A Star In Orion Is Acting So Strangely That Some Believe It May Go Supernova
Betelgeuse, the red supergiant on the left side in the constellation of Orion, has been dimming in recent months, fueling speculation that the massive star may explode soon as a powerful supernova that would be visible from Earth during the day time, according to Salon.
Astronomers from Villanova University reported that Betelgeuse is the faintest it has been in 50 years of observations.
“Betelgeuse is dimming, which is an indication that it will go supernova soon -- we don’t exactly know,” said space security expert Dr. Malcolm Davis. “When it happen (it would have actually happened [about] 690 years before we see it on Earth given the star’s distance) it will be as bright as the full moon.”
The star is believed to be between 425 and 700 light years away from Earth, with a mass about 10 to 20 times that of the sun. Its volume is around 1,400 times larger, while its luminosity is about 14,000 times brighter than the sun.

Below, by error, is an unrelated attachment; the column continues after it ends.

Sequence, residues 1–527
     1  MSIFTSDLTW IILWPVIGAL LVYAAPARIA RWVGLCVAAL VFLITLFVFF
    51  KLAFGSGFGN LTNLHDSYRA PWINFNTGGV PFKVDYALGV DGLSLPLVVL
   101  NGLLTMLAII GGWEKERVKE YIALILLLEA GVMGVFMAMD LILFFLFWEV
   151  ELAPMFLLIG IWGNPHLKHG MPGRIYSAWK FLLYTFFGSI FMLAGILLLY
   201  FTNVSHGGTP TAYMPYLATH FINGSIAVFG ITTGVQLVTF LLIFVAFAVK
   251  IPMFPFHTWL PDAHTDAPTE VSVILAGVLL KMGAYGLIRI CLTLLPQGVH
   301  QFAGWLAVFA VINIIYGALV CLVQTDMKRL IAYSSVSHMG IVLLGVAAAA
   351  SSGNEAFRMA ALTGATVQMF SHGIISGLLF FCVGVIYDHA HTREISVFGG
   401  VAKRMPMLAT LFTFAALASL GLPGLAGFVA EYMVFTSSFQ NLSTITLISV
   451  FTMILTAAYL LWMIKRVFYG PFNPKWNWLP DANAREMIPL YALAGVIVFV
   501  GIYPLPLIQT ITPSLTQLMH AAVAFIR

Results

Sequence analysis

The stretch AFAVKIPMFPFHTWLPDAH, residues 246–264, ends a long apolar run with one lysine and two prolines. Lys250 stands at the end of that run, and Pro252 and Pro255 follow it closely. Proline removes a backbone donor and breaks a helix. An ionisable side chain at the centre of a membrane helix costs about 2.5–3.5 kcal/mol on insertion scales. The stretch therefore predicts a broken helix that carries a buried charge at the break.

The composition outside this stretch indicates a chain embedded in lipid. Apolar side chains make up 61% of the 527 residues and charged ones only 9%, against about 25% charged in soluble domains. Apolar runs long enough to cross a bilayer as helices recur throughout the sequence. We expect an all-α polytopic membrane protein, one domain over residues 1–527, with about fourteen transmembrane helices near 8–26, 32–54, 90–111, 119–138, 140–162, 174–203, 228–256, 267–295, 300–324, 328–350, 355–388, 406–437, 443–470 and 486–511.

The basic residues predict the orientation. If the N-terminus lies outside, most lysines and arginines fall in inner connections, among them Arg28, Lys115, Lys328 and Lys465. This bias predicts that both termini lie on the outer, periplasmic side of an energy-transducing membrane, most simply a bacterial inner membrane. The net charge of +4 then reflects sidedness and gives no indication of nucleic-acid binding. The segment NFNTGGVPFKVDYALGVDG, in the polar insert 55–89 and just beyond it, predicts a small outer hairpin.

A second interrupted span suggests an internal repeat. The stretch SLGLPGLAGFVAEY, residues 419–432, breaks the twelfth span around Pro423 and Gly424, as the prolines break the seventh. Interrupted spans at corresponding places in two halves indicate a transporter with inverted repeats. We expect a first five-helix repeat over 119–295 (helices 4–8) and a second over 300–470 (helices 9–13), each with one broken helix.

Harvard astronomer Avi Loeb told Salon that stars like Betelgeues typically collapse into neutron stars or black holes.
“In the former case, it will appear as a core collapse supernova whereas in the second case it might produce a gamma-ray burst. But even then, the gamma-rays are collimated in two beams about a few percent of source sky, so we have a small likelihood of lining up with one of those beams,” Loeb said.
Either way, Betelgeuse going supernova would carry “an enormous amount of information about the formation process of the neutron star and its properties,” Loeb added.
The information that could be gathered would “revolutionize our understanding of supernovae and the collapse dynamics of the cores of their progenitors. They would serve as a very detailed ultrasound taken just before, during, and shortly after the birth of a baby,” he said.